13 January 2022, 13:26
Apologies for meeting Kadyrov highlight acuteness of Chechen-Ingush territorial dispute
Kadyrov's supporters have voiced out new threats against residents of Ingushetia after the former Ingush official repented to his fellow countrymen for his warm communication with the head of Chechnya. Ramzan Kadyrov has become non-hands-shaking for entire Ingush teips (family clams) since he initiated a revision of the border between the republics, analysts assert.
The "Caucasian Knot" has reported that Yakhya Khadzkhiev, a resident of Ingushetia, who attended the celebration on the occasion of the marriage of a son of a descendant of Kunta-haji Kishiev, has apologized for having greeted and hugged Kadyrov at the wedding. After that, Kadyrov threatened that if the allegations that Chechen authorities had illegally taken Ingush territories did not stop, then the "remaining villages" would also pass over to Chechnya.
"I did wrong ... Forgive me for the sake of the Almighty," Khadzkhiev said, explaining that critics of his actions wanted to break family ties with him.
Magomed Daudov, the Speaker of the Chechen Parliament, and Adam Delimkhanov, a Russian State Duma MP, condemned the former Ingush official and mentioned the dispute over the Chechen-Ingush border.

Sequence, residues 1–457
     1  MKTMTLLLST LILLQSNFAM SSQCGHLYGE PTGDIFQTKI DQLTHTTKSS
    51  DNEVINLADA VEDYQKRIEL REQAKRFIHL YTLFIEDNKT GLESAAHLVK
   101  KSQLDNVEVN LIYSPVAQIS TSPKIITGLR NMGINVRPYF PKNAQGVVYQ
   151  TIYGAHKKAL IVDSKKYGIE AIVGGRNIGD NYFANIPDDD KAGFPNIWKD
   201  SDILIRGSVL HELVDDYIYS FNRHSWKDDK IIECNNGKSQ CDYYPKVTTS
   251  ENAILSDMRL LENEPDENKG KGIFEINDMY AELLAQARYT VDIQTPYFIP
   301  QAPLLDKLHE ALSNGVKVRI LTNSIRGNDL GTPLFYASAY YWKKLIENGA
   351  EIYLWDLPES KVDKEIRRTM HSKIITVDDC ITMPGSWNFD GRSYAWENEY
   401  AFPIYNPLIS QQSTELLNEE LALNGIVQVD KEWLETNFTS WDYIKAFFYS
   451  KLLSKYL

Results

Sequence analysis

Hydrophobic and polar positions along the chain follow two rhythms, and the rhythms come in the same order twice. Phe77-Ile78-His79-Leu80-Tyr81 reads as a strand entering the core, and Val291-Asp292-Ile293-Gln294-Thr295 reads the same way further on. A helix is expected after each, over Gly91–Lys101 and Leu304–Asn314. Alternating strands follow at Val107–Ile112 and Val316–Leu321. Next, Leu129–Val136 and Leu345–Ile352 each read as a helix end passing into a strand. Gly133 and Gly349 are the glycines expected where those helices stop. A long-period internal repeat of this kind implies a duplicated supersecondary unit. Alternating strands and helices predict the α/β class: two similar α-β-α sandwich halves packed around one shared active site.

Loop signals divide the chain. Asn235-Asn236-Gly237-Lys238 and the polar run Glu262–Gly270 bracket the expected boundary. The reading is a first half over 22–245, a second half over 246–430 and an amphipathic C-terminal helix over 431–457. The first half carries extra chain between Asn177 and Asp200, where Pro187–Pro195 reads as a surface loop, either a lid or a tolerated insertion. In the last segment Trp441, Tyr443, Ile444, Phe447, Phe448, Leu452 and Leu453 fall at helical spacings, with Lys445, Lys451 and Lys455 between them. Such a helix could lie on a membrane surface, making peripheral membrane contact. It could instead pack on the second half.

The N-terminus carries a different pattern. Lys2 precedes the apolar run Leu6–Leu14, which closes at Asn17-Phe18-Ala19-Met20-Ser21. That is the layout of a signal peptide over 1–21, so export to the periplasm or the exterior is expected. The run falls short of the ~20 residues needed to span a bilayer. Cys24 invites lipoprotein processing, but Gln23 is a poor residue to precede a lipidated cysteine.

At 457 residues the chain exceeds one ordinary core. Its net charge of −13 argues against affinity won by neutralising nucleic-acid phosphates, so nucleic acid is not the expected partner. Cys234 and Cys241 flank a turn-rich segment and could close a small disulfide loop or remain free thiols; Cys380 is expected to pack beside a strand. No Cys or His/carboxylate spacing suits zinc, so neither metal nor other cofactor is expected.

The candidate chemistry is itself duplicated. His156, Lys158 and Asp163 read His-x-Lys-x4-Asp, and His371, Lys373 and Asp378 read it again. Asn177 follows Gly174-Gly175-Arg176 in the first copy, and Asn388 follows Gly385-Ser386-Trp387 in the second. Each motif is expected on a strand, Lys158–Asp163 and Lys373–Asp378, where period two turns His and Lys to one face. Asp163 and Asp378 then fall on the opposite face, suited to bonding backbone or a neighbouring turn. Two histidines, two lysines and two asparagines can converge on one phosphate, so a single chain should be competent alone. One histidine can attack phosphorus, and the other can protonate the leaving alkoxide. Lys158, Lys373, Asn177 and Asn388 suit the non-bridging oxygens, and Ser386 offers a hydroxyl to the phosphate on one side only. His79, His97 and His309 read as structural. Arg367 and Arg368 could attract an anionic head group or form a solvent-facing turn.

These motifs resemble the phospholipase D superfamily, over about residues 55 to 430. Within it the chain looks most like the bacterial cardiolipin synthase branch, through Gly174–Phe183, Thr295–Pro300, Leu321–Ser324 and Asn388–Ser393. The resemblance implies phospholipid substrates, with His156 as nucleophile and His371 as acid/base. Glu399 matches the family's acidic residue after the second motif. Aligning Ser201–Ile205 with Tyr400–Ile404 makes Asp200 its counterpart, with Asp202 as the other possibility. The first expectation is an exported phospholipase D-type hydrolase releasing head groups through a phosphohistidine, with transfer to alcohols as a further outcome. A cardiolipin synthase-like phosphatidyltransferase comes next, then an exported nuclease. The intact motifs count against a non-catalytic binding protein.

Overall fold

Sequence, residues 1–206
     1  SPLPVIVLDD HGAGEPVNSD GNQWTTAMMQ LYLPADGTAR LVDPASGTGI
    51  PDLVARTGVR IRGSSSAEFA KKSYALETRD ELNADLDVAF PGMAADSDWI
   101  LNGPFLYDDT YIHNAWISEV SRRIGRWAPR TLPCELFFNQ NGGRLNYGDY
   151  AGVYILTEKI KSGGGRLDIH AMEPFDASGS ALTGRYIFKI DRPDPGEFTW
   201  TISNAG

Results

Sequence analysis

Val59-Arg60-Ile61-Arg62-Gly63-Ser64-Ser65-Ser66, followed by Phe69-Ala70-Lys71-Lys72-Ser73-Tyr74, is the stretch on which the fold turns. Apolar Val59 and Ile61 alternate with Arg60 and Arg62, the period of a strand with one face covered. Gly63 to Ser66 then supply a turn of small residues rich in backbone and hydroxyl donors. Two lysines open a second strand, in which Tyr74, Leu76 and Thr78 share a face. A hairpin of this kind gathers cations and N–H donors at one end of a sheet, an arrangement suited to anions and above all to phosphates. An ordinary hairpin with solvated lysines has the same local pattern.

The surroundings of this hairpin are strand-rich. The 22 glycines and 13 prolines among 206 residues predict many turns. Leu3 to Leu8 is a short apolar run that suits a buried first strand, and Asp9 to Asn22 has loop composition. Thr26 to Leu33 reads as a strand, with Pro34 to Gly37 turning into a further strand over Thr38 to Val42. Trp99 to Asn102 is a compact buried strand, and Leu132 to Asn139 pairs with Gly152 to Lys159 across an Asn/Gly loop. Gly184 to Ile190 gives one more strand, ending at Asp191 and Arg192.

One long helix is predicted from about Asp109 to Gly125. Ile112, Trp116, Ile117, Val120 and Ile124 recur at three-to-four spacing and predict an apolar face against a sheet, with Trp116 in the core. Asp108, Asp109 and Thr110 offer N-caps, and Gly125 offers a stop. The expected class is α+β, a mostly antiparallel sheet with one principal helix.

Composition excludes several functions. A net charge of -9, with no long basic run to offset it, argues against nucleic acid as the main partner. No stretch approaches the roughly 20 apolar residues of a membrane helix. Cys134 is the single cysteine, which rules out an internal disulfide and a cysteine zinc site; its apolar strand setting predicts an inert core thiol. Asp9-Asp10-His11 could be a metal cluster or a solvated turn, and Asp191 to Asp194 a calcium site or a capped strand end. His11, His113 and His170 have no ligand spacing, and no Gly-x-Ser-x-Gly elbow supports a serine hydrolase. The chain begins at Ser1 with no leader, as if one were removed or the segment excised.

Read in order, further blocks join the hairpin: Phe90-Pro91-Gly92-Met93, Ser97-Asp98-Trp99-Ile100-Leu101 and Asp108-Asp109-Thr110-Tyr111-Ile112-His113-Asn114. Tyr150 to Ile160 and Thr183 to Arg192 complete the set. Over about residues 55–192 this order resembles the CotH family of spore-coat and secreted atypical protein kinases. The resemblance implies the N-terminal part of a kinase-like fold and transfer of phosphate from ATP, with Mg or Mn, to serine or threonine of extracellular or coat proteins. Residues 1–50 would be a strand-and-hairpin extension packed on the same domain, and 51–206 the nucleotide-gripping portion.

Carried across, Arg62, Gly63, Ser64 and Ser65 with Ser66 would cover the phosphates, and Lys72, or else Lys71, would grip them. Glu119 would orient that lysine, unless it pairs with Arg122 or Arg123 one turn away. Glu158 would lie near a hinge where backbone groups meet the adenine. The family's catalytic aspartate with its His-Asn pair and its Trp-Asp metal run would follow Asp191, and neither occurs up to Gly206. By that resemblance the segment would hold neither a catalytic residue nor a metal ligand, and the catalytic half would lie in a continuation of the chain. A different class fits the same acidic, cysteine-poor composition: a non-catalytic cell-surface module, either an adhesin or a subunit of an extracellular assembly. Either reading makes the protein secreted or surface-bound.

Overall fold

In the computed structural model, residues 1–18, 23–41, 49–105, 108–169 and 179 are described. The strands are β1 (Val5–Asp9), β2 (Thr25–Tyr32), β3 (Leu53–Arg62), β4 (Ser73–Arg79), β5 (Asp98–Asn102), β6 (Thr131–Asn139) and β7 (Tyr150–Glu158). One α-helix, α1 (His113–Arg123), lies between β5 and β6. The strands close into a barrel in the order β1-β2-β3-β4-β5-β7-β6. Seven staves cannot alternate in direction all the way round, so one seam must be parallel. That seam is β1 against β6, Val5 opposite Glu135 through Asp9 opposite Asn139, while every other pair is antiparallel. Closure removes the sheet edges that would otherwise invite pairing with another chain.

According to Daudov, "not a single Muslim behaved like Khadzkhiev." He called "to stop these provocations between the Chechens and the Ingushes."
The linking of signs of personal respect and courtesy with political issues is "a medieval savagery," Alexei Malashenko, a chief researcher at the E. M. Primakov Institute of World Economy and International Relations of the Russian Academy of Sciences (RAS), has stated.
"Hugging someone should not become a political factor, nor should an apology because of it," Mr Malashenko has added.
The apologies of the former Ingush official and Kadyrov's reaction thereto have to do with the border conflict and the aggravation of Chechen-Ingush relations, Akhmet Yarlykapov, a senior researcher at the Centre for Eurasian Studies at the MGIMO (Moscow Sate Institute of Foreign Relations), is sure.
Source: CK correspondent